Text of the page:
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electionlineWeekly — March 21, 2013

Table of Contents

II. Election News This Week

  • Three towns in Maine — Litchfield, Greenville and Winterport — will continue to hand-count ballots on election night after they turned down an offer from the state to provide each locality with a free ballot-counting machine. The machines were offered to all municipalities with more than 1,500 voters. Officials in Litchfield told the Kennebec Journal that elections were too important to rely on machines. “Litchfield is very much not a technology-oriented group,” Rayna Leibowitz, chair of the Board of Selectmen told the paper. Deputy Secretary of State Julie Flynn said funds for the machines are coming from a Help America Vote Act grant. "I don't know why you'd pass it up," Flynn told the paper. "The cost for the state election is completely borne by us. We're just offering them the freebie. This is like Christmas."
  • Takoma Park, Md. is considering pushing the envelope again, this time by lowering the voting age for local elections to 16. “I really care about making elections easier,” Tim Male, council member for Ward 2, told the Takoma Patch. “I have honestly been interested in this since I’ve been campaigning. You meet young people who are really engaged but cannot vote." According to the Patch, these election proposals are within the city's domain as long as they do not go against pre-existing state or national laws. It is unconstitutional to deny anyone 18 or older the right to vote on the basis of age but nothing deters the government from make less restrictive voting laws. Male told the paper lowering the voting age will benefit Takoma Park. He said it would increase voter turnout, start positive voting habits and diversify the voting demographic in Takoma Park.  
  • About 100 voters in Bel Aire, Kansas will be taking a mulligan on ballots they’ve already mailed-in for the city council election. Sedgwick County Election Commissioner Tabitha Lehman told The Wichita Eagle a new ordinance changed how city council candidates are listed on the ballot. But when her office received candidate information from the Bel Aire city clerk’s office, she said, the candidates were listed the way they used to be. Lehman told the paper her office is sending out new advance mail-in ballots, and the clerk’s office also is notifying people who have returned their ballots to cast a new one.
  • The Simpson Voting House in Derry Township, Pa. may be back in business for the May 21 primary. The building had been used as a polling place for 122 years before 2004 when it had to be taken out of service for a variety of reasons. Although the building still needs some work — handicapped accessible railing and the parking lot paved — local officials expect it to be ready for about 500 voters in May. “It's been a long time coming, but I think it's a unique voting experience for the people in the Simpson district of Derry,” Ted Kopas, county commissioner, told the Pittsburgh Post Gazette. “These are minor things that need to be taken care of, and they will.”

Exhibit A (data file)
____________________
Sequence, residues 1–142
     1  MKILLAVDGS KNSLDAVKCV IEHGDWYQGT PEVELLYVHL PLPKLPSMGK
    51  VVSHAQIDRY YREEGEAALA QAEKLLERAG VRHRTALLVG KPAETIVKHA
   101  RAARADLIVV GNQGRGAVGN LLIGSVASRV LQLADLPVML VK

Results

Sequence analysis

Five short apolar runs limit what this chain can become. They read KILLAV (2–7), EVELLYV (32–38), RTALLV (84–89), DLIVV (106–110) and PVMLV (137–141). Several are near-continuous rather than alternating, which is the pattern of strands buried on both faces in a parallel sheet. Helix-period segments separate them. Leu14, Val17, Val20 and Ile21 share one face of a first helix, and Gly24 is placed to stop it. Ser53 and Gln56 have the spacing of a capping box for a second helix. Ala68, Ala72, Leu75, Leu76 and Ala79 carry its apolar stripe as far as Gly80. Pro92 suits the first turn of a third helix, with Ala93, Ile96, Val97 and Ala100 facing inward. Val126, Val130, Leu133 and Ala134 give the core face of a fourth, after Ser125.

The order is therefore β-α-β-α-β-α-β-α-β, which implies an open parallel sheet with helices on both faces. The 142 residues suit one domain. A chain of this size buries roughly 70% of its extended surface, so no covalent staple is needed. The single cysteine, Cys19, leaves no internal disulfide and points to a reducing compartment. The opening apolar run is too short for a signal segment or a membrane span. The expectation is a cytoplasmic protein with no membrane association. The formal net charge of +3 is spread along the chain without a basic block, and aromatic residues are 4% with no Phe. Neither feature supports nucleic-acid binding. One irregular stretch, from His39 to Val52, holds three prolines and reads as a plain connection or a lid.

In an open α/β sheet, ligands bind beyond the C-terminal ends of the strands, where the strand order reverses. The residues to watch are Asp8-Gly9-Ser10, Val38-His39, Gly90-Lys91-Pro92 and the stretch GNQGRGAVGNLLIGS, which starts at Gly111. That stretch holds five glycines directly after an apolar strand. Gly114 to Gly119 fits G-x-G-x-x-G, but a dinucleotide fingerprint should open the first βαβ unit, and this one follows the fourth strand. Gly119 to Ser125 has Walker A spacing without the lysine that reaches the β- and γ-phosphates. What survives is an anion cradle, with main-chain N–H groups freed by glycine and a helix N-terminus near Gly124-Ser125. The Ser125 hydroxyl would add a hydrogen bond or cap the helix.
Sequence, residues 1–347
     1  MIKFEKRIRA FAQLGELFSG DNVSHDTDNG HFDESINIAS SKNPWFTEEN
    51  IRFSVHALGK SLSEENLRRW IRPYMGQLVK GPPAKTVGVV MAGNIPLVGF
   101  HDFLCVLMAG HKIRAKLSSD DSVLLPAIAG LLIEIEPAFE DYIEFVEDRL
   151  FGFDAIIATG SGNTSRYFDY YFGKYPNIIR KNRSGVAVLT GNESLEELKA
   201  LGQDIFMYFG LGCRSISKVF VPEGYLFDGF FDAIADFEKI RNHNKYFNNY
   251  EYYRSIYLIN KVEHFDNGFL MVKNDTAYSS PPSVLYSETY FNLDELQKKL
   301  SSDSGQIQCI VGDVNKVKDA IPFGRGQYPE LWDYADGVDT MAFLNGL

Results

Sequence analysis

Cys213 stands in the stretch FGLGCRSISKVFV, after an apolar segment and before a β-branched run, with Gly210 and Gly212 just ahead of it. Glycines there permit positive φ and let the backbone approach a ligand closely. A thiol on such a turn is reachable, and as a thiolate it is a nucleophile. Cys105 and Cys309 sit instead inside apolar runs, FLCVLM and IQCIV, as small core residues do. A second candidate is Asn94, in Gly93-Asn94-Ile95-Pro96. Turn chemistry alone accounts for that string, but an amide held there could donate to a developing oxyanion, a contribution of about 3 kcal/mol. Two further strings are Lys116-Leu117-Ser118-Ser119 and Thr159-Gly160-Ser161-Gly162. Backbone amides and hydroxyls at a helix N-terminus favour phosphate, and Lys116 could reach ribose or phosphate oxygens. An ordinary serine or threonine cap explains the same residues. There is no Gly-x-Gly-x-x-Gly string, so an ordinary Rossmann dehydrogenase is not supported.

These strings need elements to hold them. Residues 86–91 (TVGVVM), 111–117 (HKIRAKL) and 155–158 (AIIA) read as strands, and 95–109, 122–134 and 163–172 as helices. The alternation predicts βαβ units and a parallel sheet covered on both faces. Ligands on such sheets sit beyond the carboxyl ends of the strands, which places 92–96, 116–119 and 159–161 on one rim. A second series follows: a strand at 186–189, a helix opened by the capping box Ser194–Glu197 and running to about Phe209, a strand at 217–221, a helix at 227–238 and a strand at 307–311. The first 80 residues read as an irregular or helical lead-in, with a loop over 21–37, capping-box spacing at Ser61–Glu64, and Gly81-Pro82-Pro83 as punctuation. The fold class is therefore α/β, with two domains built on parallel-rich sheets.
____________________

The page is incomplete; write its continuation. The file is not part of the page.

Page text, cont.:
• Even though this is technically “personnel news” it really needs its own paragraph. This week, all three sitting members of the Lenior County, N.C. board of elections resigned. Earlier this year, the board petitioned the State Board of Elections to allow them to fire Elections Director Dana King. The board alleged mismanagement. According to WRAL, Gary Bartlett, executive director of the state board denied the request and said both sides were to blame for poor communications and personality conflicts. County leaders will need to find three individuals to replace Sharon Kanter and Kim Allison, both Democrats, and Oscar Herring, a Republican.
  • Personnel News: The Miami County, Ohio board of elections has parted ways with longtime Deputy Director Pam Calendine. Sharon Benjamin has been appointed acting deputy supervisor of elections for St. Thomas-St. John, USVI. Also in the Virgin Islands, James Weber, III has stepped down as the deputy elections supervisor for St. Croix. Dana Dumezich and William Fine are joining the Lake County, Ind. board of elections. Former Assemblyman Joe Canciamilla was formally appoint as Contra Costa County, Calif.’s next clerk-recorder and registrar of voters. Rob Frost, head of the Cuyahoga County, Ohio GOP will replace Debbie Sutherland on the county board of elections. Vermont Secretary of State Jim Condos has appointed Will Senning to serve as the director of elections and campaign finance. Senning replaces Kathy Scheele who is retiring at the end of the month after 13 years on the job. Matt Crane has been appointed the new clerk and recorder for Arapahoe County, Colo. Crane had previously served as the deputy clerk. Eric Morgan has been hired to serve as the new deputy director of elections in Miami County, Ind.
  • Get Well: Although the media reports don’t mention it, the elections grapevine has informed us that retiring Vermont Elections Director Kathy Scheele is recovering from a fall. We wish Kathy a speedy recovery.